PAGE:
The UK’s position on the Cyprus problem is longstanding and it hasn’t changed. We want to see a united Cyprus, so that Greek Cypriots and Turkish Cypriots can live together in conditions of peace, prosperity and security. I think a business audience should understand that better than anybody, because solving the Cyprus problem will create a more stable and prosperous Eastern Mediterranean. Cyprus will be at the centre of this and can be an economic hub for the whole region. But to get there, we need a greater sense of urgency by all sides, because the absence of progress creates a sort of vacuum and that vacuum creates instability. So we support the UN’s decision to hold further informal talks aimed at finding common ground to resume negotiations. I hope that all participants will come to them in the spirit of openness, flexibility and compromise called for by the UN Security Council in January this year. The parameters which the Security Council has laid down over the years for a solution of the Cyprus problem are quite broad, and we firmly believe that there is space within them to achieve a solution which meets the needs of both communities.
When do you think the global economy will have recovered from the COVID-19 crisis and what do you expect it to look like in 2030?
If I could answer all that I would be in investment banking rather than diplomacy! But just looking to the next couple of years, I’ll highlight that the UK is expected to be the fastest-growing advanced economy, with the IMF forecasting 5.3% growth in 2021 and 5.1% next year. I’ll add two further points. First, a critical element in addressing the pandemic and supporting global recovery is to ensure effective vaccine production and distribution. The UK was one of the first countries to back COVAX, the international initiative to accelerate the development and manufacture of COVID-19 vaccines, and to guarantee fair and equitable access for every country in the world. Second, when we talk about economic recovery, it’s not just the size but the type of recovery. We need to build back better and greener. That means putting climate, biodiversity and the environment at the heart of the worldwide COVID recovery to create a greener, more prosperous future. This is a key theme for our G7 presidency this year and for the international climate summit, COP 26, which we will host in Glasgow in November.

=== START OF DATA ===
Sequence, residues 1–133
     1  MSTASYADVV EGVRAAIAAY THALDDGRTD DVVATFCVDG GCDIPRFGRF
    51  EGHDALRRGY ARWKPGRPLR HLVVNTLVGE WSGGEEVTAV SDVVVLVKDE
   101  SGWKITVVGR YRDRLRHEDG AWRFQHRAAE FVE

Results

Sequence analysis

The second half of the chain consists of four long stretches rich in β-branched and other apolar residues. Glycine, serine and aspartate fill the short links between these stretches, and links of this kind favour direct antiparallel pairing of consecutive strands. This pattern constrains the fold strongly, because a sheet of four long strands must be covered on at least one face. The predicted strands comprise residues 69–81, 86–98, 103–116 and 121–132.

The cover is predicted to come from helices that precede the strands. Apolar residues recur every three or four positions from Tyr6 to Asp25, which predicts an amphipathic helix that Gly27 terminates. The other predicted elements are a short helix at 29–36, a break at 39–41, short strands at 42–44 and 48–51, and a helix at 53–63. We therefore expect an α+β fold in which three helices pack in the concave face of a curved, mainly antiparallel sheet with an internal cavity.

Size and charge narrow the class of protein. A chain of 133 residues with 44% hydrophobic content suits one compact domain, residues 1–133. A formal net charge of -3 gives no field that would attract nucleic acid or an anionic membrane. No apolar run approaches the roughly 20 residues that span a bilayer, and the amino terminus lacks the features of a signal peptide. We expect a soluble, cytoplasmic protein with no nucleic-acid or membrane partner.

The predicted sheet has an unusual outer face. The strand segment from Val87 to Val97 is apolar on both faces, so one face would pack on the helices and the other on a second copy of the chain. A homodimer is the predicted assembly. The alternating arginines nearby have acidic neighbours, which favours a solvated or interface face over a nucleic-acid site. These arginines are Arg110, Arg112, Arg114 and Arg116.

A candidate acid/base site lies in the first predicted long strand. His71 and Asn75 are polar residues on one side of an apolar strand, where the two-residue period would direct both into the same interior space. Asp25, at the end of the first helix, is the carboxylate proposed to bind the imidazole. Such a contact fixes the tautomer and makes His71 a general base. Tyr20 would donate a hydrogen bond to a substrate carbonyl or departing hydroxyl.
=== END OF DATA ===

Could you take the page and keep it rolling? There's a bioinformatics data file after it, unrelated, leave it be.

How would you describe Cypriot society and your life here? What do you like the most about living in Cyprus?
Cyprus is a dynamic and fascinating country, particularly for a Brit; seeing traces of our own past, but in a beautiful Mediterranean setting, with excellent food and wines. I love the countryside, especially for hiking in the mountains. One of my favourite drives is from Nicosia to Latsi, via Pyrgos and Pomos.
What has been your greatest achievement during your service in Cyprus?
That’s for others to judge really… but I do believe we’re at a point where UK-Cyprus ties are stronger than ever. Last year, we celebrated the 60th anniversary of Cypriot independence, and therefore of relations between our two countries as friends and equals. It was a chance to reflect on the depth and breadth of our shared history, values and connections through our people – and how far we’ve come. We’ve continued to widen and deepen that relationship in my three years here, with particular emphasis on cooperation in the digital sector, trans-national education, defence cooperation and non-military development in the British Bases. With the UK hosting COP 26, we are also strengthening engagement on climate protection and the green economy. I’m also very pleased with the way we supported our large British community as they prepared for Brexit, ensuring that they had their residency status in good order before the end of the Transition Period last year. That means that they can continue to enjoy the same rights here as they did when we were in the EU and access the Cypriot national healthcare system.
You have served in various posts around the world (the Philippines, Cyprus, Beijing, New Delhi and others). Which one has been your favourite so far, and why?
That’s an unfair question! They’ve all been great. The Philippines has a special place in my heart because it was my first posting as an ambassador, and Cyprus because it’s my first posting as a High Commissioner. What I also love about Cyprus professionally is the great depth and variety of UK interests and connections, while at a personal level it’s so much easier to get to the sea and mountains than it was in any of the Asian mega-cities where I served before.
There’s a real opportunity for Cyprus to position itself as a hub or interconnector for British companies looking to access the Eastern Mediterranean region outside the EU